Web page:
Liberals who want to legislate from the Wisconsin Supreme Court hope to advance that agenda at the April 4 general election.
They’ll get their wish even sooner if conservatives don’t get off their butts on February 20. Several veteran political observers suggest that the only candidate with clear respect for judicial independence could be out of the running after Tuesday.
Nothing less than the rule of law — or, as Judge Rebecca Dallet dismissively says, “the rule of law garbage” — is at stake.
Only one of the three candidates has affirmed a clear vision of the Court’s role and the limits and that role. Says Sauk County Circuit Judge Michael Screnock:
I believe strongly in the rule of law. The role of a judge or justice is to interpret and apply the law, not rewrite the law. Our system of government has at its foundation three co-equal branches – legislative, executive, and judicial. When the constitutionality of a law is questioned, the judiciary serves an important role as a legal check on the actions of the other two branches, and appropriately declares when they have overstepped their lawful authority. When a court is asked to interpret a law, its role is to declare what the law is, based on what the legislative and executive branches have done, and not what the court thinks it should be. Following these principles, the judiciary should never serve as a political check on the actions of the other two branches. It is not the role of a court to veto, or rewrite, laws that it believes are unwise or imprudent.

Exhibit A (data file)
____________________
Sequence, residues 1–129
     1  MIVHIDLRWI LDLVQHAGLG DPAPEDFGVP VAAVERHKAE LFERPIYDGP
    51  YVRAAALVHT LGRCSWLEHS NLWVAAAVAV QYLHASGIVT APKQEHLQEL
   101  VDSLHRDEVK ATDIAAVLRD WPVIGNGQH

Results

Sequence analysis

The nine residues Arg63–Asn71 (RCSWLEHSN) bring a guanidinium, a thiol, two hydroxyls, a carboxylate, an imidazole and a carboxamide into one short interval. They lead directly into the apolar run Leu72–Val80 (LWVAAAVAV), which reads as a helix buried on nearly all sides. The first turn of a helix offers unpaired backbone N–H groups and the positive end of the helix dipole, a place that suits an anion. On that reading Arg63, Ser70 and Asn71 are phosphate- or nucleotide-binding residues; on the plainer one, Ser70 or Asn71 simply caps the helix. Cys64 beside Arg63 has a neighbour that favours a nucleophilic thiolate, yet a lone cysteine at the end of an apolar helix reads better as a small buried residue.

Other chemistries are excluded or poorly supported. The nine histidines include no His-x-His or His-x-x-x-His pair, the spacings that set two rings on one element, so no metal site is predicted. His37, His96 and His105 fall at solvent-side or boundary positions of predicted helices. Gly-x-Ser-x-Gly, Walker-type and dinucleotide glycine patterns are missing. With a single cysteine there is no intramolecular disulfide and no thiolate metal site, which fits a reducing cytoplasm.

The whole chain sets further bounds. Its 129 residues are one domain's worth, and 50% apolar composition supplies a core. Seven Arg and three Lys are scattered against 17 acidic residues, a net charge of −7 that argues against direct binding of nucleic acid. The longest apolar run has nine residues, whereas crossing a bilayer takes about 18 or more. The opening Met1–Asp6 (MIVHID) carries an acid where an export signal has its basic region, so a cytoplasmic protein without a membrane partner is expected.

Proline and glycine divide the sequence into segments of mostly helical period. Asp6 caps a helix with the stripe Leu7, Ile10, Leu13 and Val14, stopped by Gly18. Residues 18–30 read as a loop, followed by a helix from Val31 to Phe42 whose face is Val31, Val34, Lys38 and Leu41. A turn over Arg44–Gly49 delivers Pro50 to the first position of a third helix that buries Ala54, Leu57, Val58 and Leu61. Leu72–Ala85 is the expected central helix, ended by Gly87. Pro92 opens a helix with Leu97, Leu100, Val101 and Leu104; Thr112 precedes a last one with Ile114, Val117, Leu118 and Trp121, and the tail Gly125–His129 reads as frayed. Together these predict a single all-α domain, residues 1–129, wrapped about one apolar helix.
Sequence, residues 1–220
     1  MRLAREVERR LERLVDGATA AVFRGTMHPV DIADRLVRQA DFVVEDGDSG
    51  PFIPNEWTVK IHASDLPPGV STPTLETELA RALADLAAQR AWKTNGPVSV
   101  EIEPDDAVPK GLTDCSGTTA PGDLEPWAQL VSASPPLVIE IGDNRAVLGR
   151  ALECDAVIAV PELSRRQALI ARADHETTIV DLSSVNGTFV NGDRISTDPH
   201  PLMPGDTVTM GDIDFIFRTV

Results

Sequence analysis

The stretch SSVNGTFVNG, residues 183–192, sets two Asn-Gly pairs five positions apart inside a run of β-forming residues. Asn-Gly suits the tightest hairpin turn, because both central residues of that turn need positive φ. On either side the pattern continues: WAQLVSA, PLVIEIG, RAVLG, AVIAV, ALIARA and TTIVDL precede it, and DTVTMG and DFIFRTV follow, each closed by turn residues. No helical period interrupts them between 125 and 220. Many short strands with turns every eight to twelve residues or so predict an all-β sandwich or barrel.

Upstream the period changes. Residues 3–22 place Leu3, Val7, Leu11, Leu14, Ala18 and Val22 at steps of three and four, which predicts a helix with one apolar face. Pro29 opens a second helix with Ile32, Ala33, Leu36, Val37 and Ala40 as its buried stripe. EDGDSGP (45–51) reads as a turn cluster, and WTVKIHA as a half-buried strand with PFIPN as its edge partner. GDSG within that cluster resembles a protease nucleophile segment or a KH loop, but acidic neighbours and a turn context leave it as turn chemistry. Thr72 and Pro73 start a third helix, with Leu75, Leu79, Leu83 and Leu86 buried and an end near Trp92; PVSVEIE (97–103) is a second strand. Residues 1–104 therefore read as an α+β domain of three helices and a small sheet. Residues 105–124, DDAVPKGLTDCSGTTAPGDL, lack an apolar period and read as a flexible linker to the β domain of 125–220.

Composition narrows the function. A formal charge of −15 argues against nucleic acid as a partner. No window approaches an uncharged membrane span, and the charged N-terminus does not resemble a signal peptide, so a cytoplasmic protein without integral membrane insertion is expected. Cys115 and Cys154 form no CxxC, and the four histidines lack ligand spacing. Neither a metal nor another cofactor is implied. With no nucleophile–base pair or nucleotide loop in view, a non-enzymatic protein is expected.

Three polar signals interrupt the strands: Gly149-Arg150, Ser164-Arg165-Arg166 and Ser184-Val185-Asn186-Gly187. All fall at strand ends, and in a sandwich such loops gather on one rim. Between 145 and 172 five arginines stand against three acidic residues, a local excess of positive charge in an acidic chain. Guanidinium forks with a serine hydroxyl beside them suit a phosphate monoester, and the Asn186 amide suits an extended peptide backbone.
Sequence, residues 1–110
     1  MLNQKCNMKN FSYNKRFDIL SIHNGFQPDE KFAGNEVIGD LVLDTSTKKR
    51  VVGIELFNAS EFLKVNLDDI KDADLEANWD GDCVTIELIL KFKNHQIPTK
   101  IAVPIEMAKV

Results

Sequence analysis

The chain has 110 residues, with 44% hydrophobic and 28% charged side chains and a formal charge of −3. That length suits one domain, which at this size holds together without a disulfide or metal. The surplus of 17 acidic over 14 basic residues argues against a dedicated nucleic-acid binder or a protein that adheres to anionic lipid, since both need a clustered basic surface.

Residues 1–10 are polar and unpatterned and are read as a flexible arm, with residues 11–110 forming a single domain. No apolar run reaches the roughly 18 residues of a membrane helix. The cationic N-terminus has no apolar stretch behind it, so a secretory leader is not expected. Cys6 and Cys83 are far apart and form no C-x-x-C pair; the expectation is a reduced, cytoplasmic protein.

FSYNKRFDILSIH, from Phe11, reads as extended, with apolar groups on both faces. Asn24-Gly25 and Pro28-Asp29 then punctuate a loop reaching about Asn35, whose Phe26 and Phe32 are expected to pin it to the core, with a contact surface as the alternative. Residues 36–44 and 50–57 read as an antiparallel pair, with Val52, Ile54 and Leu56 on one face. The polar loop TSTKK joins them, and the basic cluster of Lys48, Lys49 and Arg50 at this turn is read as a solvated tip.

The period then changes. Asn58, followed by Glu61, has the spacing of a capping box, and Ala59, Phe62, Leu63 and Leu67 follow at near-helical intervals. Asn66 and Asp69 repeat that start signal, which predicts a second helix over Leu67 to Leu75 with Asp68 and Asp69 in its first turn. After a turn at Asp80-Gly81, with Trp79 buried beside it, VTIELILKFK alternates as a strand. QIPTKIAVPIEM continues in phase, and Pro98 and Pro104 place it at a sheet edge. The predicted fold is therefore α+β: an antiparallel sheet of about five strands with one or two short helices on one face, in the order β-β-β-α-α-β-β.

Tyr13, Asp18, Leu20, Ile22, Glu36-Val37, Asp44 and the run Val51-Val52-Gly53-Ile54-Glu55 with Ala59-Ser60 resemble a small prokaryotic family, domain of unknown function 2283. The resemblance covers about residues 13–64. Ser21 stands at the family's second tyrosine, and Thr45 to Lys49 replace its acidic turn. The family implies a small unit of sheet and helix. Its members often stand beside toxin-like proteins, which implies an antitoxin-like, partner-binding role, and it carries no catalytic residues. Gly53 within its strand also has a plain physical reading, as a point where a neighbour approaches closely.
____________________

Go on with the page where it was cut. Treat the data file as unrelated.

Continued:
For a stark contrast, there’s Milwaukee Circuit Judge Rebecca Dallet. Mocking Judge Screnock’s views at a recent forum, the Milwaukee Journal Sentinel quoted her as follows: ”He’s talking about all this rhetoric about rule of law garbage…He’s just saying the same tired old thing that doesn’t mean anything.” Judge Dallet proceeded to misrepresent Judge Screnock by erecting and knocking down a straw man: “I am not a rubber stamp of whatever the Legislature does or whatever the governor does.”
And there is Madison lawyer Tim Burns. Rather than run from the charge of judicial activism, he embraces it. He openly broadcasts the partisan Democratic approach he would bring to the bench. From opposing the Voter ID law to attacking the policy merits of the lawful Foxconn deal, Burns stakes out positions in a way that would disqualify a truly independent judge from sitting on many cases.
If conservative and independent voters fail to rally to Screnock’s cause next week, the blame will be clearly seen by looking in the mirror.